9. 9. The data in the Walden Report are not completely comparable to those in the API Report. However, some approximate comparisons can be made for certain annual values. Estimates adapted from Table 3 in the Walden Report are shown in the next slide. Although the API report used peak annual values for 2035, and Walden reports annual averages for the entire production period, the same phenomenon is being estimated.
  10. 10. Employment Contribution to State Economy North Carolina: Annual Averages for 30-year production period 16,910 $1.9 billion Source: Adapted from Walden Report, p. 24, Table 3
  11. 11. This table summarizes the key estimated outcomes, in their most comparable form. Walden’s “Spending” variable is comparable to the API economic contribution variable. Again, note the discrepancy between API’s peak annual values for 2035, versus Walden’s annual averages for the entire production period. The two reports are closer than these summary data make it appear: peak production values from the Walden estimates are fairly close to the 2035 estimates in the API report. The methods and outcomes are similar.
  12. 12. This table adapts Walden’s estimates of the sensitivity of the estimates of spending impact. Across any row, we see the effect of changing the estimate of the amount of petroleum resource to be recovered; high estimates of economic impact are 40 to 50 times as large as the low estimates. Going down each column, we see the effect of varying the assumptions about future oil and natural gas prices; the high estimates of economic impact are 10 to 20 times the low estimates. Combining these effects, going from the top left to the bottom right, the high estimate is 800 times as large as the low estimate. Source: adapted from Walden Report, page 29, Table 5. Sensitivity Analysis: variation in estimated Annual Economic Spending Impact ($billions) Discoverable Quantity of Oil & Gas: Low Mean High Assumed Prices for Oil & Gas: Low 0.01 0.4 0.6 Medium 0.09 2 3.9 High 0.19 4 8.1
  13. 13. This table adapts Walden’s estimates of similar data for the employment estimates. Across any row, he examines impact of changing the estimate of the amount of petroleum resource to be recovered; high estimates of employment impact are 40 to 50 times as large as the low estimates. Going down each column, he shows the effect of varying the assumptions about future oil and natural gas prices; the high estimates of economic impact are 12 to 14 times the low estimates. Combining these effects, going from the top left to the bottom right, the high estimate is 610 times as large as the low estimate. Source: adapted from the Walden Report, page 29, Table 5. Sensitivity Analysis: variation in estimated Annual Employment Discoverable Quantity of Oil & Gas: Low Mean High Assumed Prices for Oil & Gas: Low 118 2900 5902 Medium 809 17,437 34,400 High 1686 35,918 72,005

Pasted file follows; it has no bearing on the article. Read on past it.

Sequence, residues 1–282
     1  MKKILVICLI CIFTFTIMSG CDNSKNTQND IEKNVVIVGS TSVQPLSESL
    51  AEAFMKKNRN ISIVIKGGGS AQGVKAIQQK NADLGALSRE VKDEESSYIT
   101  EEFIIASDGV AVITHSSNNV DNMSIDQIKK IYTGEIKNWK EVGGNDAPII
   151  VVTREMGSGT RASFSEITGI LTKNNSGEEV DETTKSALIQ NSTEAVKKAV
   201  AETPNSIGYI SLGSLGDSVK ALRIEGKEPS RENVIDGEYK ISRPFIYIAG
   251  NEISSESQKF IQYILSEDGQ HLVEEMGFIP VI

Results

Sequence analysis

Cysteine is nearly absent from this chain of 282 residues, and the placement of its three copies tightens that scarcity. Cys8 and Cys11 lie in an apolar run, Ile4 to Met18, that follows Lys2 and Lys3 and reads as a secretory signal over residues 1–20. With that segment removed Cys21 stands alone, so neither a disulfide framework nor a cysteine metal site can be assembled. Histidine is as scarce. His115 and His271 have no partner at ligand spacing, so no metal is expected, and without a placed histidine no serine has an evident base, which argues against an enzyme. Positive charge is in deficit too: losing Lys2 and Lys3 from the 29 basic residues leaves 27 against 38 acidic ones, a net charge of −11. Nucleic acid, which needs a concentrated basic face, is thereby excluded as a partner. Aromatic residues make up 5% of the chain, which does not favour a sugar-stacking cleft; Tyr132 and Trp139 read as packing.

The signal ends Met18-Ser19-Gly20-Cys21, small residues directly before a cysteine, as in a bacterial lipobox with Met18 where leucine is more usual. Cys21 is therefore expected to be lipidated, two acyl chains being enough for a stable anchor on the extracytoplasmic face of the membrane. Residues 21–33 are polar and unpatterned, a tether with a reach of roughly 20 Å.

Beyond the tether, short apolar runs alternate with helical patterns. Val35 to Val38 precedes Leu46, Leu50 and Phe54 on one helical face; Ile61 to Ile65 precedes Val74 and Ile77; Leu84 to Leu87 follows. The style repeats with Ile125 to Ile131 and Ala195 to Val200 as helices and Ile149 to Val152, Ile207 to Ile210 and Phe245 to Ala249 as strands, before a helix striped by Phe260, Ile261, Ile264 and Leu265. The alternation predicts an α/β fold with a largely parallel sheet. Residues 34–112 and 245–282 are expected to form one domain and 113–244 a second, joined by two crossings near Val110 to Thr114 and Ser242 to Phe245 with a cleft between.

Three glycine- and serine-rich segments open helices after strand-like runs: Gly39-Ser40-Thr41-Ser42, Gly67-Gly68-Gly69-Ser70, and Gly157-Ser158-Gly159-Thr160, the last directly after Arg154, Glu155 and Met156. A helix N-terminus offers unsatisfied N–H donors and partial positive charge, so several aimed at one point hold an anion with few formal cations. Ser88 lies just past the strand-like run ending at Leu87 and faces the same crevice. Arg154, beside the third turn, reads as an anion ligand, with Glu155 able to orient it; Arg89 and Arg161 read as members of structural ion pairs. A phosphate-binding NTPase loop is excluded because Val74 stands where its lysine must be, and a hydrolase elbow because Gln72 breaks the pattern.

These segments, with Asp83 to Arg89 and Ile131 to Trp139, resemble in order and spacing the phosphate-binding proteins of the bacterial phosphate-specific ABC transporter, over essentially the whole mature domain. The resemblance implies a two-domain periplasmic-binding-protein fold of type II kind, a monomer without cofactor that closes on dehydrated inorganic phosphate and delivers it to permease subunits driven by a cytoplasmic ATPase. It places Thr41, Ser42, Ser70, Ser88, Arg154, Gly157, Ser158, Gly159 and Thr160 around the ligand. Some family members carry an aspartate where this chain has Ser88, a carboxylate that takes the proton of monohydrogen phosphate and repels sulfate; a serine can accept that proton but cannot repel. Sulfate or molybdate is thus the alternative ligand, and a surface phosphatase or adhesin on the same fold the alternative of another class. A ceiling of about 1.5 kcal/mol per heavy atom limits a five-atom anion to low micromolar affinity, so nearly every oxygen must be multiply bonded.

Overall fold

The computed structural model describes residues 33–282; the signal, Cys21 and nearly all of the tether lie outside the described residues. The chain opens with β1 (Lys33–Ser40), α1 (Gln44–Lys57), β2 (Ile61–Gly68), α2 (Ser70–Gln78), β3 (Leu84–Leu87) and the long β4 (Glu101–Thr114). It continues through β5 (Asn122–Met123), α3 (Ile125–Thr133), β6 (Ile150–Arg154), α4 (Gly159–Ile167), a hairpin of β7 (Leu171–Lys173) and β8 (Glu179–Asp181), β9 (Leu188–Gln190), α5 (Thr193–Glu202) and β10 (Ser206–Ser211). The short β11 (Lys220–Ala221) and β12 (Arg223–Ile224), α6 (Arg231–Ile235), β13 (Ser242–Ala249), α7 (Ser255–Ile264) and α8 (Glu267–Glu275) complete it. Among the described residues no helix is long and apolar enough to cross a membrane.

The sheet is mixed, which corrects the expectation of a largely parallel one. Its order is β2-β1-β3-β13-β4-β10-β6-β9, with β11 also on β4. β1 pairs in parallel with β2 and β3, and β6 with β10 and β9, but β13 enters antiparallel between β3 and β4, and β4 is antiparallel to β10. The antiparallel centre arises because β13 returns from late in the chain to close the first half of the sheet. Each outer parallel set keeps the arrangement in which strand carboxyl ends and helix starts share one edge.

14. 14. In contrast to the huge uncertainty in the value of drilling, recent (2011) values of tourism and fisheries in the seven coastal counties most likely to be affected by drilling are known. Absent a disaster, the upward growth path of these values over the next 40 years is much easier to anticipate. 2011 Annual Value of Tourism & Fishing in Seven Coastal NC Counties Spending Employment $3.1 Billion 37,872 Source: adapted from Walden Report, p. 33, Table 7.
  15. 15. This table compares the known economic value in 2011 of Tourism & Fisheries with the exceedingly speculative impacts of offshore drilling in North Carolina.
  16. 16. Lagniappe: How much has really changed in terms of technology and regulatory enforcement in the last decade? The photo below is of a lesser-known spill in the Gulf known as the Taylor Well. It has been leaking oil since Hurricane Ivan destroyed equipment on the sea floor in 2004. Reasonable estimates are that it continues to leak between 100 and 400 gallons per day, even after being “capped.” The resulting slick is between 10 and 30 miles long, depending on the day and the person doing the observation and estimation. Seemingly-endless litigation has attempted to force the stopping of the leak, and the release of all pertinent information to the public, with no real success.